Can I Get A Diagnosis?

Posted: December 13, 2011 in Uncategorized

Am I anorexic?

If you’re asking yourself this question, and you’re hoping the answer is yes, then you are. Let me explain why:

Anorexia is typically diagnosed under extreme, hospitalization-worthy, circumstances. Before then, it seems like everyone is basically saying “no, you’re not skinny enough… to be anorexic.” I think many people mean this with the best intentions. They don’t want you to have a problem. But being in that place, what we’re hearing is “we’re not thin enough.”

You do not have to be severely underweight or a size zero to have an eating disorder. If your obsession with being thin is changing your eating habits to the point where you are either purging (or have thought about it) or constricting calories to an extreme degree, you are, at the very least, at the beginning stages of Anorexia or Bulimia.

Let me be the first to say, you are THIN ENOUGH to have an eating disorder. There is something in the affirmation that what you’re feeling and dealing with is real.

If you are struggling with body image and the lies that the world is throwing to you about skinny, you are on the very front edge of an eating disorder. And it is okay, to tell someone, and it is GOOD to confess to this struggle.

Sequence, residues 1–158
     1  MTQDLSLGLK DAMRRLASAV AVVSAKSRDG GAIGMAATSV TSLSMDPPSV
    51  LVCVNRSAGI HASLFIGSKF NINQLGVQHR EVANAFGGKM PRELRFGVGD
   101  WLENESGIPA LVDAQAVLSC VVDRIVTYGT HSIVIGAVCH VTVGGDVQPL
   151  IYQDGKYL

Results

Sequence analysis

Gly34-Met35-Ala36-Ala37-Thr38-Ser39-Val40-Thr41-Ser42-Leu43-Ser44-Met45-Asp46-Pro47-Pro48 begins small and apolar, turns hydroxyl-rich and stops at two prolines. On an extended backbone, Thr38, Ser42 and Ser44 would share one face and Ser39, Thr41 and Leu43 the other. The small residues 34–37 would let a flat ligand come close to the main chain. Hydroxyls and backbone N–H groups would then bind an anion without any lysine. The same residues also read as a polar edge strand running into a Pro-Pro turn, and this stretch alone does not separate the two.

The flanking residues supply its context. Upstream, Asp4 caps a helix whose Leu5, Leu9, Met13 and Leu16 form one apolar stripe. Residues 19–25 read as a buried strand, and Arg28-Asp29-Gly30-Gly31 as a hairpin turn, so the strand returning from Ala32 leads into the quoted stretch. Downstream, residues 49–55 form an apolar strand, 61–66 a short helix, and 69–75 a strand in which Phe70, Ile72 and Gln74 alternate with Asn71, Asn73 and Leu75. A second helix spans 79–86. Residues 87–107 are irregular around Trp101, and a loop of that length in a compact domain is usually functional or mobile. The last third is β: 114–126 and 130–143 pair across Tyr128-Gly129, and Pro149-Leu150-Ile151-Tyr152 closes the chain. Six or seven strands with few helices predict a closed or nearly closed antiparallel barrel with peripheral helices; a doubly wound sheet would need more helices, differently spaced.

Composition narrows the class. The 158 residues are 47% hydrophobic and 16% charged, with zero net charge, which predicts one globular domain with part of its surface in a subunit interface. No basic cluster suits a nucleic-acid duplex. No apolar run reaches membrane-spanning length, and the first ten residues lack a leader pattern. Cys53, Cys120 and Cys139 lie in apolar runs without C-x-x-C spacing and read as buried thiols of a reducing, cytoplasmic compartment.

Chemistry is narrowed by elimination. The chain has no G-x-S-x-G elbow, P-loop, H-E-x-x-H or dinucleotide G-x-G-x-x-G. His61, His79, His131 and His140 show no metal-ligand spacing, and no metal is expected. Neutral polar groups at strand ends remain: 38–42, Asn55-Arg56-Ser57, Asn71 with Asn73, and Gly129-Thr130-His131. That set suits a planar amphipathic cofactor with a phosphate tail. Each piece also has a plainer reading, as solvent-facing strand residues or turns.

Regardless of your place in this journey, if you are afraid you have an eating disorder, if someone has told you that you aren’t skinny enough to be struggling with an eating disorder, or if this has been part of your life for many, many years, today can be the day when you recognize that you’re struggling and that it’s okay to struggle, and today can be the day when you get help. You can be affirmed in knowing that the pain you feel is real and so is your struggle. Your pain is recognized as being legitimate. What you feel and what you struggle with is legitimate.

When we acknowledge each other’s feelings, pains, and struggles, we are telling someone that they matter and what they are feeling is real. Things that are real also have real healing and real escape and real freedom.

Your legitimate struggles have legitimate freedom.

Not being skinny enough to have a struggle with an eating disorder is a lie.

Skinny is a lie.

Hope and healing are real.

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